- Public schools should not “out” students to their families.
- Public schools have a responsibility to create a safe learning environment. They cannot ignore harassment based on a student’s appearance or behavior. Students should report harassment or threats to a principal or counselor. This puts the school on notice that officials can be held legally responsible for not protecting students.
- Public schools cannot force students to wear clothing inconsistent with their gender identity.
- If a public school permits any noncurricular clubs — clubs that aren’t directly related to classes taught in the school — then it must allow students to form a Gay-Straight Alliance or other LGBTQ-themed clubs, and the school can’t treat it differently from other noncurricular clubs.
- Students’ transgender status and gender assigned at birth are confidential information protected by federal privacy law. If your school reveals that information to anyone without your permission, it could be violating federal law. If you don’t want school officials revealing your private information to others, including your legal name, tell them very clearly that you want your information kept private and that they should not disclose that information to anyone without your consent.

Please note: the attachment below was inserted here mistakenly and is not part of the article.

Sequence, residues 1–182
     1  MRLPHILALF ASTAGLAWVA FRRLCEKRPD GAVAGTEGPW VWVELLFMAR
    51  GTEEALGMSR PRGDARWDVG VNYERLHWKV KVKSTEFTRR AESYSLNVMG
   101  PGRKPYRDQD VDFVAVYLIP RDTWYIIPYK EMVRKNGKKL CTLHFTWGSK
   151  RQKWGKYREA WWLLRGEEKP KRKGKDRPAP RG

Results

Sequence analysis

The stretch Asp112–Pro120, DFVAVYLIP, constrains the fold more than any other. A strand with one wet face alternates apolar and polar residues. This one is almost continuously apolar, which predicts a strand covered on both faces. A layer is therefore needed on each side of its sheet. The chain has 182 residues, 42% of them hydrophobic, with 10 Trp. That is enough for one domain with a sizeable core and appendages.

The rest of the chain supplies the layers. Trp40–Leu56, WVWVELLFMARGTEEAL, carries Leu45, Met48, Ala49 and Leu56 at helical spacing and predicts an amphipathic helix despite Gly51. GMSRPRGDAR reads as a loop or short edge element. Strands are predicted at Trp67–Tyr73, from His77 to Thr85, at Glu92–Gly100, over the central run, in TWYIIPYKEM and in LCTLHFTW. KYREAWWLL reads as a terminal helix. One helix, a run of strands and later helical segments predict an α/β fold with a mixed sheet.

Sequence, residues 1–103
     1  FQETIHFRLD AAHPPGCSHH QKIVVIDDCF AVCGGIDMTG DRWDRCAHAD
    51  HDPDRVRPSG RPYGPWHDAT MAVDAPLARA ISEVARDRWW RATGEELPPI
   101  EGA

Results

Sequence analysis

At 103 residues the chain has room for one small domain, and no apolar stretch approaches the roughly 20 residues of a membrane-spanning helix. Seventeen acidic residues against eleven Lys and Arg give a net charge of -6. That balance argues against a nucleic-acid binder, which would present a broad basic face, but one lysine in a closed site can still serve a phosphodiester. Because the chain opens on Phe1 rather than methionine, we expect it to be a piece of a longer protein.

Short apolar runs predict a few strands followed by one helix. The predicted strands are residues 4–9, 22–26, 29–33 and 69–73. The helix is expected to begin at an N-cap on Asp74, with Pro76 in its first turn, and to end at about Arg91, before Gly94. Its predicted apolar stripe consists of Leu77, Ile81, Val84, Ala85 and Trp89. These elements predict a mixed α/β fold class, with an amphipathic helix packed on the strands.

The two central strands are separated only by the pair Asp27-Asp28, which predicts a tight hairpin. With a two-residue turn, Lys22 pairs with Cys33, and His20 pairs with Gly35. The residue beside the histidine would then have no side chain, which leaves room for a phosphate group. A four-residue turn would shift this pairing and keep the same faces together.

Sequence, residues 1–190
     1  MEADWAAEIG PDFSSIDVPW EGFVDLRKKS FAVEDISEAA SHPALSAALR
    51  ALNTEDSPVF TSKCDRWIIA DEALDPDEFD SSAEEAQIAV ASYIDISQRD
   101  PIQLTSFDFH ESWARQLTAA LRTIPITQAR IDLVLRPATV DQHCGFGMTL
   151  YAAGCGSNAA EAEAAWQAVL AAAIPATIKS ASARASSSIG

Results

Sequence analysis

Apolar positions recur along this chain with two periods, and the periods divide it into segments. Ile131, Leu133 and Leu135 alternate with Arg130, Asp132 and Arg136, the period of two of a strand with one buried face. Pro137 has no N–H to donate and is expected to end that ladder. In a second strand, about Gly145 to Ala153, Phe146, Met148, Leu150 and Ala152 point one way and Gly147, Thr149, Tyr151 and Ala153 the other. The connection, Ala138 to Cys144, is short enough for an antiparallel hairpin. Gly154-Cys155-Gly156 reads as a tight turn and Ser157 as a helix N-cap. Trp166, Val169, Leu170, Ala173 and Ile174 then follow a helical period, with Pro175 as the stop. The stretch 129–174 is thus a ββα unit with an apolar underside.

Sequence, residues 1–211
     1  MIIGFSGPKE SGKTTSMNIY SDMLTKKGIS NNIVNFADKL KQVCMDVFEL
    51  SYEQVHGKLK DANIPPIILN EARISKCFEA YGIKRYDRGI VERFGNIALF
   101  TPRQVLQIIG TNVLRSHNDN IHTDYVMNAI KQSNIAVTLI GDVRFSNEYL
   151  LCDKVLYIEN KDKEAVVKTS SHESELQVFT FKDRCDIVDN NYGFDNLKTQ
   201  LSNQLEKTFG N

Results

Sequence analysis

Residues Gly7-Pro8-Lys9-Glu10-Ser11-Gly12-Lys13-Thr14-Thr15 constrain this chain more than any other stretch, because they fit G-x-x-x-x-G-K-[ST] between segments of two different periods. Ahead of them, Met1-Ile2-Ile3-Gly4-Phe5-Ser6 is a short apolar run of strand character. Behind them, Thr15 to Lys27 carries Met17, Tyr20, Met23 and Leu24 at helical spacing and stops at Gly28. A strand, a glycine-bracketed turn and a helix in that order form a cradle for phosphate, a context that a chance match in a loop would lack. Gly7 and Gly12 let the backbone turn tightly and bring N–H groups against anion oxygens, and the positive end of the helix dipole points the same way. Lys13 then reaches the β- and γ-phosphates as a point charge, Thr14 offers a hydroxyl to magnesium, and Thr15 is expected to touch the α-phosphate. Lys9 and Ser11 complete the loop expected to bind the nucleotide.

- Some states and cities explicitly protect the right of transgender students to use restrooms and locker rooms consistent with their gender identity. Additionally, several courts have ruled that excluding transgender boys and girls from using the same restrooms as other boys and girls violates federal education law. This is an area of the law that is changing a great deal right now. We recommend that you contact the ACLU if you have any questions about your rights at school.
The rights of pregnant students
- Public schools and all schools that get federal funds are prohibited from excluding pregnant or parenting students from school, classes, or extracurricular activities, or pressuring them to drop out or change schools.
- These schools must provide pregnant students the same accommodations that students with other temporary medical conditions are given, including the ability to make up missed classwork, attend doctor’s appointments, take time off for childbirth and recovery, and learn in a safe, nonjudgmental environment.
- These schools are not allowed to punish a student who chooses to terminate a pregnancy or reveal a student’s private medical information.